Mathematically, we’ve been taught that our bodies are ¾ water, and comprise six elements – oxygen, carbon, hydrogen, nitrogen, calcium and phosphorus. This will exist centuries after the first humans until the species goes extinct. The difference occurs as a result of culture influenced by technological and industrial developments in this process.
We live in a world where even being different becomes similar and people start looking more and more alike as they strive to stand out. It’s a whole other question how far we wander off from our own personality.
Can a person exist with his/her selfness, without likening to the surroundings? Or does existence have to adapt to what’s outside in order to survive? Italian director Alessandro Novelli’s story titled “Lights” offers some answers to these questions.
Novelli pulls us into the story with an animation style that resembles chalk drawings on a blackboard. We begin by watching an individual being forced to fit into a room. However, as the story unfolds, we see that the person adapts to its surroundings. Meanwhile, we see how it creates a distance between its true self by watching it shrink and change shape. According to Novelli, the transforming bodies and clothes represent habits, our sense of self, and the masks we wear.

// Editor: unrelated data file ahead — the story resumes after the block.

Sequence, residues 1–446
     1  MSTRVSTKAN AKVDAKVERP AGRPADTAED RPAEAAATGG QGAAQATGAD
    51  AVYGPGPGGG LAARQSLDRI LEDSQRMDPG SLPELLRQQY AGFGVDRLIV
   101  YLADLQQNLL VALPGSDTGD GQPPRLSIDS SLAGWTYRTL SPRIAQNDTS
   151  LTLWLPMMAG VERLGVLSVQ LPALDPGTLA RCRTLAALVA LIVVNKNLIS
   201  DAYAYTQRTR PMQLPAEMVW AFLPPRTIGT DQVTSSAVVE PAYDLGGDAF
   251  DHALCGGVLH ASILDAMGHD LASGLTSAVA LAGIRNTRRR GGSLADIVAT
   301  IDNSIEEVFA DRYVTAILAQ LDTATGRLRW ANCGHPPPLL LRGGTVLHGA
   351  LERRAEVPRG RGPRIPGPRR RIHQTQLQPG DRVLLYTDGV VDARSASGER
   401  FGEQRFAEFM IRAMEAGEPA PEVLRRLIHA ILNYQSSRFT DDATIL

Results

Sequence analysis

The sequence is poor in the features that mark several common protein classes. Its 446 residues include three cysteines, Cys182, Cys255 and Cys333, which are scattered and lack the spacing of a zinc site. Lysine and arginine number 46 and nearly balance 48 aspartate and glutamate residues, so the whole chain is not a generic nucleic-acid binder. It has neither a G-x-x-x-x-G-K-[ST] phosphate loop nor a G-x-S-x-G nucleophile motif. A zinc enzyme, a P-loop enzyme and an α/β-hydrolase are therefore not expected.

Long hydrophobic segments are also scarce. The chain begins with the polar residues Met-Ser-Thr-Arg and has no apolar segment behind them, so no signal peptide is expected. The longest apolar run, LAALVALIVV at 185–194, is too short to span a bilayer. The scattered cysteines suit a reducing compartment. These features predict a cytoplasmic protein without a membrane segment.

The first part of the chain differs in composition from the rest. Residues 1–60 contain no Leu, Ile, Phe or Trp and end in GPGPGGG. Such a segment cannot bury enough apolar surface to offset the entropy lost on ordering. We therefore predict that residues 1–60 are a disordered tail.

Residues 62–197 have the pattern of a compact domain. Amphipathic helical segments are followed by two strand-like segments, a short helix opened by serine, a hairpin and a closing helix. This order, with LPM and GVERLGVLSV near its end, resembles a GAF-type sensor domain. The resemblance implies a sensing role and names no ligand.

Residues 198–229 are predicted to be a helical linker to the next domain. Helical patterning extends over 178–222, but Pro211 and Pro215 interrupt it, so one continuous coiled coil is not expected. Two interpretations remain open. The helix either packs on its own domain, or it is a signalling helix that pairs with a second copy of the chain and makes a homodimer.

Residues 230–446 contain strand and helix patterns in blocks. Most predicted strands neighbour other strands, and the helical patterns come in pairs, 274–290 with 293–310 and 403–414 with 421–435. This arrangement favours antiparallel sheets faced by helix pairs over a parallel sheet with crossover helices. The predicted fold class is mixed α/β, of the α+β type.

Though this transformation paints a negative picture with its portrayal of the individual’s alienation with itself, we should also consider the influence society has on us, and remember not to disregard the cultural effect we’ll leave for future generations as much as those who have come before us.